This fetishizing of 3D as the ultimate cinema experience needs to stop. It's is neither a superior nor inferior way to view any one movie. If anything, it creates confusion in the marketplace as to which version to see. It shouldn't land on the consumer to have to pick which movies will benefit from the technology and which wont. This is why I was so happy with the aforementioned The Fantastic Mr.Fox. I don't believe for a minute that Wes Anderson wasn't given the opportunity to shoot this movie in 3D...not after Coraline (Anderson had worked with Selick on The Life Aquatic With Steve Zissou...so you know the discussion happened). This was a perfect example of a director knowing what was best for his film and his vision.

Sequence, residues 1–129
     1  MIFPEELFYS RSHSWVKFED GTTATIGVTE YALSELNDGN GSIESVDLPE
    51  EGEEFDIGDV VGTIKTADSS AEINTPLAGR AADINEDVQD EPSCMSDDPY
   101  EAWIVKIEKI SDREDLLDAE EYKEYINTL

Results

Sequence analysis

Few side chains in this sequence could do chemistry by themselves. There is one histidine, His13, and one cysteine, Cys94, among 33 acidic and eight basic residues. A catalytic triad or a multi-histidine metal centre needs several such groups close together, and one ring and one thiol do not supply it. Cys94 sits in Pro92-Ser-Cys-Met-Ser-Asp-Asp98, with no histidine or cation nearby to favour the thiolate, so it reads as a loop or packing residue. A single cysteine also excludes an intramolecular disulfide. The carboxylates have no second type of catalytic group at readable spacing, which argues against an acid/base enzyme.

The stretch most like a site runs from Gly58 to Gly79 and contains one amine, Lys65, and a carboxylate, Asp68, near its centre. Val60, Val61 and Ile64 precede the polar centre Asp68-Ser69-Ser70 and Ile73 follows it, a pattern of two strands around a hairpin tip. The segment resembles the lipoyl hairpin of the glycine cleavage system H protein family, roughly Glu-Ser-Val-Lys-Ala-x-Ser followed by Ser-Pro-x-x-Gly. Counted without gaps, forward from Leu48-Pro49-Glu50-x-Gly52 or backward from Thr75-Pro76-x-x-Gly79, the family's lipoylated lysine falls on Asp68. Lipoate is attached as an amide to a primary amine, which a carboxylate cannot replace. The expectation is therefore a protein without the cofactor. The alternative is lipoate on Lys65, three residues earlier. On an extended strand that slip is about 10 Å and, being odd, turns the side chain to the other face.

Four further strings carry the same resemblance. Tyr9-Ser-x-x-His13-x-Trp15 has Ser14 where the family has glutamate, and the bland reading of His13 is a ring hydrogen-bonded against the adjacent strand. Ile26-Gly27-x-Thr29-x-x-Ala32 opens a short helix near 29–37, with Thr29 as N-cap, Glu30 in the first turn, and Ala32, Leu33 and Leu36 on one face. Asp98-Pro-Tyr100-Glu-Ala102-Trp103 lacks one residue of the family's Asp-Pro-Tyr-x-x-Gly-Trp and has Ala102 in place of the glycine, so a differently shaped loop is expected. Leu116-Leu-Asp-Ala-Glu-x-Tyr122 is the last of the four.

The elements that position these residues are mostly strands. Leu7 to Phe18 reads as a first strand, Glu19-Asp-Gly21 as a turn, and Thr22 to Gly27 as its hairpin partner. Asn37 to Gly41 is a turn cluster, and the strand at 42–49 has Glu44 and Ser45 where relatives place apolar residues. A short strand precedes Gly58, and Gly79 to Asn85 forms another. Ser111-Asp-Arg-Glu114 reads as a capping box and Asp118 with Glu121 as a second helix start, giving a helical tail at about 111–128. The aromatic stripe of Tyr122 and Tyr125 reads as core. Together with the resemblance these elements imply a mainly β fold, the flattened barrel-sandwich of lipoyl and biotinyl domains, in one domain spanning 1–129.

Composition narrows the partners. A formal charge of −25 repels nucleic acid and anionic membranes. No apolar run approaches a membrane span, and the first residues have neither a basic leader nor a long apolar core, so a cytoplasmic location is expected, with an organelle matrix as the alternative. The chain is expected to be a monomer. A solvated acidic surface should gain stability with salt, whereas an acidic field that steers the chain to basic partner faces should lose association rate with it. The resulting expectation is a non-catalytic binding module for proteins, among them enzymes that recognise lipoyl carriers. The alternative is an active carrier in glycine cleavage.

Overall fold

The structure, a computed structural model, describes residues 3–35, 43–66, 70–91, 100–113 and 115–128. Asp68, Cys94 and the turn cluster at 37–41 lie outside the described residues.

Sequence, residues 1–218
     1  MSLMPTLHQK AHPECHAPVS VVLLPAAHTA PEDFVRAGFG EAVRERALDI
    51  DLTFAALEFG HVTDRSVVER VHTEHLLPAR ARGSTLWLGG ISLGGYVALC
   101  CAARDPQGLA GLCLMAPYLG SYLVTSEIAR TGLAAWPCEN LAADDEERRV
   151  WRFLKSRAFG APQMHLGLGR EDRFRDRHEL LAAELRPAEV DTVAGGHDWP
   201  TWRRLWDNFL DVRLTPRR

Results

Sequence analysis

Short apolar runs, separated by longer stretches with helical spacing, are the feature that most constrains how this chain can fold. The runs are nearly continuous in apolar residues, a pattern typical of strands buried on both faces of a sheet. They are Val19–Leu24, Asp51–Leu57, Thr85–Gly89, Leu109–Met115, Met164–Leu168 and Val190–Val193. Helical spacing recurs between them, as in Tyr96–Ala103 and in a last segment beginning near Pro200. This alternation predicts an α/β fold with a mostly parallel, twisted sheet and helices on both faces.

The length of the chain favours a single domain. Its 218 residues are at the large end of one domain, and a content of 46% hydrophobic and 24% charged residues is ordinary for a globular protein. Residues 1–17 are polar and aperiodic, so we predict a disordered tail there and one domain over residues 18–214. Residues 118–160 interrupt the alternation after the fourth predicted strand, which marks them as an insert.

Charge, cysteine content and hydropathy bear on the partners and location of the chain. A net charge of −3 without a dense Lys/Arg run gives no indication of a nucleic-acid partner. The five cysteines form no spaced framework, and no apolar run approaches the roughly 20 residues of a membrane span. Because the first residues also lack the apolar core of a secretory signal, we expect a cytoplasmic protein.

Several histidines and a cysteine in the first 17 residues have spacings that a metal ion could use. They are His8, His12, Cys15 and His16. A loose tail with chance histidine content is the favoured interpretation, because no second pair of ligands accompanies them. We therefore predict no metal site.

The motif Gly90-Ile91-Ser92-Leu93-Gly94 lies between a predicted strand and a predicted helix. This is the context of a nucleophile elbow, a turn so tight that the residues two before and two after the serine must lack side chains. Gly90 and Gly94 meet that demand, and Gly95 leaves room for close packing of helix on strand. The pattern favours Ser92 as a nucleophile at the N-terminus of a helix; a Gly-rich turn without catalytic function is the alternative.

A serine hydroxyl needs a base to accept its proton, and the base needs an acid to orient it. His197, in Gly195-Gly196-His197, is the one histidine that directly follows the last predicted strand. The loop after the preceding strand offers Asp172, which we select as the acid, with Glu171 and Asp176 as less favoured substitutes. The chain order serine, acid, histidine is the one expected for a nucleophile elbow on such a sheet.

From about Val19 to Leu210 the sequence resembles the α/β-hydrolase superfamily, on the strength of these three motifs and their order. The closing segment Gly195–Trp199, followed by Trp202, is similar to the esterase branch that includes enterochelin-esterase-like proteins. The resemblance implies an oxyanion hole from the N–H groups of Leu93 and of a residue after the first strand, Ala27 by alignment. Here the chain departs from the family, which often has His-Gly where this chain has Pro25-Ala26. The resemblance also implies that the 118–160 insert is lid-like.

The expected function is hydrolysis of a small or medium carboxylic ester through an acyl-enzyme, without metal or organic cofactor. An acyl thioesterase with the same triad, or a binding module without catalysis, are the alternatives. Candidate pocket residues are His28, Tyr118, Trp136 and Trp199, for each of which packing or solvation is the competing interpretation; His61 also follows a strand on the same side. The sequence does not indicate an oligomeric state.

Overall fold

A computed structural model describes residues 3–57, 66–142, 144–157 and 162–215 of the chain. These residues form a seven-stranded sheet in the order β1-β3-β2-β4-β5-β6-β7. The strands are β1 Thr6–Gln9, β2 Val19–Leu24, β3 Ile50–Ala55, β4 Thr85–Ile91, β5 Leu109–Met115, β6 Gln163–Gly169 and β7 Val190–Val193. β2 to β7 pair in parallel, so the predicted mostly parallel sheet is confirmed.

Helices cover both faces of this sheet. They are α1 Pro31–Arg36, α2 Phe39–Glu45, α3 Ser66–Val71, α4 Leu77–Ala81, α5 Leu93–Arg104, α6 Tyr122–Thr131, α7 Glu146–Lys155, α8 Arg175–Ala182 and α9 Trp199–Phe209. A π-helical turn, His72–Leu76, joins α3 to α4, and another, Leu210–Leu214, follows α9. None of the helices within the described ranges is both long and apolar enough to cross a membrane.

Perhaps this is happening more often than I'm imagining. Maybe there's a whole legion of directors who are resisting 3D technology for all-but-the-best implementations. I'd like to think this were true, but I doubt it. I had an opportunity to ask Henry Selick about his adoption of 3D when he held a fantastic Q&A a few months back. I expressed my concerns about what was lost when viewing a movie in 3D and how I felt Coraline was a far more interesting experience in 2D Without getting into direct quotes (because I really can't remember), he said that 3D was essentially the endgame in movies. It's what filmmakers had been striving for since the beginning and is the ultimate way to engross and audience. I'm sorry, Mr.Selick, but there's no way that can be true. If 3D is the best way to express visual art, then painters would have given up for sculpture long ago; photographers would have given up for laser-driven holography; and traditional animators would be all working for Pixar. The concept of a composed, 2D, framed image is as relevant and important as it's ever been. 3D works, but not for everything. To his benefit, Selick urged everyone in attendance that night to not watch the "red & blue" 3D version of his film that's included as a marketing gimmick on the DVD. I wholeheartedly agree.